• Their own personal characteristics (good and bad)
  • Their personal challenges and obstacles
  • Their values
  • What they want employees to value
  • How their restaurant or retail concept is unique or different
  • The challenges and obstacles the business is facing
  • What the current vibe of the business is

A quick note about how values tie into culture: Values are how people act and culture is a direct result of that. So think very carefully about the values you hold high.

Now, if you write out all of the answers to the questions above, do you like what you see there in black and white? Does the current vibe match up with the intended vibe?

Are you living up to the values that you hold dear? Does your unique concept work with or against the vibe you’ve created?

In looking at those answers, if you’re not quite where you want to be, there’s still time to get back on track .

Remember: Culture is Unique to Each Business.

No two owners are the same; as strengths, weaknesses, and concepts are identified, owners will invariably go in different directions with their company culture.

Just think about all the restaurants you’ve ever visited. There’s a definite vibe associated with each one, right?

Like at the family-owned Greek restaurant down the street, where you feel so welcomed and relaxed – almost like you’re sitting down at your grandma’s house for dinner.

Or the sandwich shop you stop at once a week, where the owner asks how your daughter’s dance recital went. And you ask her how her ill mother is coping with treatments.

These places have focused their efforts on creating a specific vibe, starting with their values, and trickling down to their staff, food, décor, and relationships with their customers.

In other words, they remembered the most effective step to nurturing a lasting, memorable culture: They LIVE it. Because culture is who you truly are and the actions you take, not just who you say you are.

Looking Ahead to Tomorrow

Once owners fully understand where they are today, they can begin to define and create a road map for where they want to go and how they’re going to get there.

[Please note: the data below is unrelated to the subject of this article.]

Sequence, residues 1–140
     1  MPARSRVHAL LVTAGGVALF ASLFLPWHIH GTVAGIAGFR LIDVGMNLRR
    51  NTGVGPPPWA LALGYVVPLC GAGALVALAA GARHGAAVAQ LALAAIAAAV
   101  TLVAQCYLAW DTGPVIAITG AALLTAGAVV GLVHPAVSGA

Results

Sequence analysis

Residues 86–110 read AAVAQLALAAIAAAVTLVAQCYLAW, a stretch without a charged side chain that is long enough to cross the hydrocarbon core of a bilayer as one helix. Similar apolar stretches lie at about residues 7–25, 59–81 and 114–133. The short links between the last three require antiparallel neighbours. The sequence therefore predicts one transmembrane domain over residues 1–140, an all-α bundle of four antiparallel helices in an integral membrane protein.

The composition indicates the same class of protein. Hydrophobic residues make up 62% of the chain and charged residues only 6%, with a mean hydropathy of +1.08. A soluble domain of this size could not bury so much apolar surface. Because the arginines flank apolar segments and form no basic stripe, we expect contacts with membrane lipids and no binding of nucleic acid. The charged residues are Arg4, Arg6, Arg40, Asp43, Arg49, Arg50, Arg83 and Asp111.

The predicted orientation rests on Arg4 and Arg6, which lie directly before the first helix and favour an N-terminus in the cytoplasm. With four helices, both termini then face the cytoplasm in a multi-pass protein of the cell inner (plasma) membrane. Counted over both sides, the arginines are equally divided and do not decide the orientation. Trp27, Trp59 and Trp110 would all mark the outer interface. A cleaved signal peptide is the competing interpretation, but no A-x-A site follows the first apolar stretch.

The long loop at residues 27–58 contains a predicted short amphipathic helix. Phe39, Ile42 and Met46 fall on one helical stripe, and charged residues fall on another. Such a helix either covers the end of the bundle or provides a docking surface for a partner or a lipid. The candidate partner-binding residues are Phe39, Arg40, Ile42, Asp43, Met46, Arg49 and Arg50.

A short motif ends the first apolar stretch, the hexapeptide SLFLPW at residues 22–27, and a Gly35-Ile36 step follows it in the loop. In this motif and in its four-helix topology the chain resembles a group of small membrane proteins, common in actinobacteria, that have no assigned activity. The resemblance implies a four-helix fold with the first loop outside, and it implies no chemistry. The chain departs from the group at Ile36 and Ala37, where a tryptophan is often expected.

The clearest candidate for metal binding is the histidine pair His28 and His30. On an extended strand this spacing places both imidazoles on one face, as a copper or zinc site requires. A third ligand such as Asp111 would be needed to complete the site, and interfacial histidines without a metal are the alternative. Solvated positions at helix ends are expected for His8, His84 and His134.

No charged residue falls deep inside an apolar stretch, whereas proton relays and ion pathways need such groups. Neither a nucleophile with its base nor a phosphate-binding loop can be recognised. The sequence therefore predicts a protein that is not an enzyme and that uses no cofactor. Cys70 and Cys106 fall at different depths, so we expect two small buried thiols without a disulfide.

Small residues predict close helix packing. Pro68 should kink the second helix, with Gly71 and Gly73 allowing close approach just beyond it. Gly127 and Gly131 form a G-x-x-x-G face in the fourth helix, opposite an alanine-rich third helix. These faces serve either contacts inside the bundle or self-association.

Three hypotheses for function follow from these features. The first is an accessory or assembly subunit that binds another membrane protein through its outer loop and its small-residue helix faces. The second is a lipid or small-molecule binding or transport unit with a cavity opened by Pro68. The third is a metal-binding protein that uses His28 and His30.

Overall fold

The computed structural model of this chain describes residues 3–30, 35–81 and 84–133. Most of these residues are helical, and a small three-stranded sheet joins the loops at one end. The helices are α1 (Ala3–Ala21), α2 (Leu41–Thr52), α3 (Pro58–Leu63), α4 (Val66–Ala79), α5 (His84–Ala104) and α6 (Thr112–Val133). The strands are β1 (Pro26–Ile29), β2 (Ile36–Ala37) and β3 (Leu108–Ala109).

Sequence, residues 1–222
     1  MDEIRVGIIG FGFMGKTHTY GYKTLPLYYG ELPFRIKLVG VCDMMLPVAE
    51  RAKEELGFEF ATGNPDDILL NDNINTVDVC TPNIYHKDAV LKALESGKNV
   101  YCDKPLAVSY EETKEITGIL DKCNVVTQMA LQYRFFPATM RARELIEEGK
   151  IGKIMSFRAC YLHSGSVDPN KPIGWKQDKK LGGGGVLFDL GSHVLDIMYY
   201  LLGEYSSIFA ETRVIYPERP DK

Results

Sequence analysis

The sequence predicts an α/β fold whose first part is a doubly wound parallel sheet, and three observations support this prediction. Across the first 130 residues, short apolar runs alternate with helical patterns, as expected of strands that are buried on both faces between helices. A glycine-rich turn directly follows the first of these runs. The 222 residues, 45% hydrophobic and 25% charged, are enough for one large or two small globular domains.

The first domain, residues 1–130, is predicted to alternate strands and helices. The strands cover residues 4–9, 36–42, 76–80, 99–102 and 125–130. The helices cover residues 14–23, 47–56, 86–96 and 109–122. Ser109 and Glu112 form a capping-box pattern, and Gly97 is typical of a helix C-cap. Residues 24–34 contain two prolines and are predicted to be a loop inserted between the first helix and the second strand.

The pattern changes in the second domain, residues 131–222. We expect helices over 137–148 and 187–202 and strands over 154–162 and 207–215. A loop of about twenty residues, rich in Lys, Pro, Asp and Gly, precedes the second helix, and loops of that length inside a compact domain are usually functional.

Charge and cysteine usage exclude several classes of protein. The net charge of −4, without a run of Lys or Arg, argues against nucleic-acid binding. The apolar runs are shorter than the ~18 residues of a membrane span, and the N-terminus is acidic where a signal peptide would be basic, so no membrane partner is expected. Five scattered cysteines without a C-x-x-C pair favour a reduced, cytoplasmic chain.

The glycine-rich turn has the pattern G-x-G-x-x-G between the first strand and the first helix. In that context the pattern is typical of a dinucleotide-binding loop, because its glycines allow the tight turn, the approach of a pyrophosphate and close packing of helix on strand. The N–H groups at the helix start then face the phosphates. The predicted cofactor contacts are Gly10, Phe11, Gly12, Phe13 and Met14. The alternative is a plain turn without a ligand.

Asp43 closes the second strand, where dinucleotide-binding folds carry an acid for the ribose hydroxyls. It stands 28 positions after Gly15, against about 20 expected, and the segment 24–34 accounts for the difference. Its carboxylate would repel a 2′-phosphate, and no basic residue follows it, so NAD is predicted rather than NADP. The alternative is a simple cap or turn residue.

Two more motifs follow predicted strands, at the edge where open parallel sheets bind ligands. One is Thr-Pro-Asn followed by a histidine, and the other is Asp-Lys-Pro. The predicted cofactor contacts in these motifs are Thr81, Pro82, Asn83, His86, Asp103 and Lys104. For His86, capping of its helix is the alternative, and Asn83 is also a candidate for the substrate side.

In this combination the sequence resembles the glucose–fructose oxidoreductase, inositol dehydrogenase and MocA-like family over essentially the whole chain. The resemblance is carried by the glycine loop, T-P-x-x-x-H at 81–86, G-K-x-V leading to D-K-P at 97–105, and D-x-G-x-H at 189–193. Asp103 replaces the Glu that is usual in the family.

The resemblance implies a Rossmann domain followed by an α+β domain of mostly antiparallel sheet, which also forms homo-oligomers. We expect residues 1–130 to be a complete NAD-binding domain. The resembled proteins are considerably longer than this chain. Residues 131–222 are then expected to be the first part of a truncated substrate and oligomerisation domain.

And that’s where all those other buzzwords like mission, vision, and purpose come into play. We’ll discuss those in the weeks to come, as well as the step-by-step process to get you there faster…and with more success.

In the meantime, now that you’ve defined your businesse’s vibe, know that it won’t be perfect going forward. It will require a constant refocusing, but the end result is most certainly attainable. And worth it!

Carrie Luxem is the founder and President of Restaurant HR Group, a full-service HR group based in Chicago, IL. Carrie will be sharing her wisdom from over 15 years in restaurant human resources through guest-posts on the Homebase blog.

Want some HR help? See Homebase can make it easy by visiting our HR and Compliance page.

Related posts

Best Restaurant Scheduling Software: Top Options for 2024

When you opened your restaurant, you probably didn’t imagine you’d be up at night stressing over scheduling. But restaurant scheduling…

Read article

How to determine different personalities in the workplace (+ Tips to manage them)

Managing a team with diverse personalities can feel like juggling flaming swords. Each team member brings their own quirks, strengths,…

Read article

Understanding the Roles of Coffee Shop Staff for a Thriving Business

What is a Staff Coffee Shop? Running a coffee shop isn’t just about brewing the perfect cup of joe. It’s…

Read article

How Do I Get an Intern? A Comprehensive Guide for Small Business Owners

Thinking about bringing an intern into your small business? Smart move. Interns provide fresh perspectives and much-needed support. But what…

Read article

Managing Tips Made Easy: The Benefits and Challenges of Tip Trackers

Running a small business in the service industry can feel like juggling flaming torches. You’re dealing with customer service, employee…

Read article

HR for Restaurants: Tips & Challenges for 2024

You’re no stranger to fast-paced environments and working with tight profits, so you know all about how important HR for…

Read article
Effortlessly schedule and track your team's time with Homebase.
Try our basic plan free, forever.
Try Homebase for free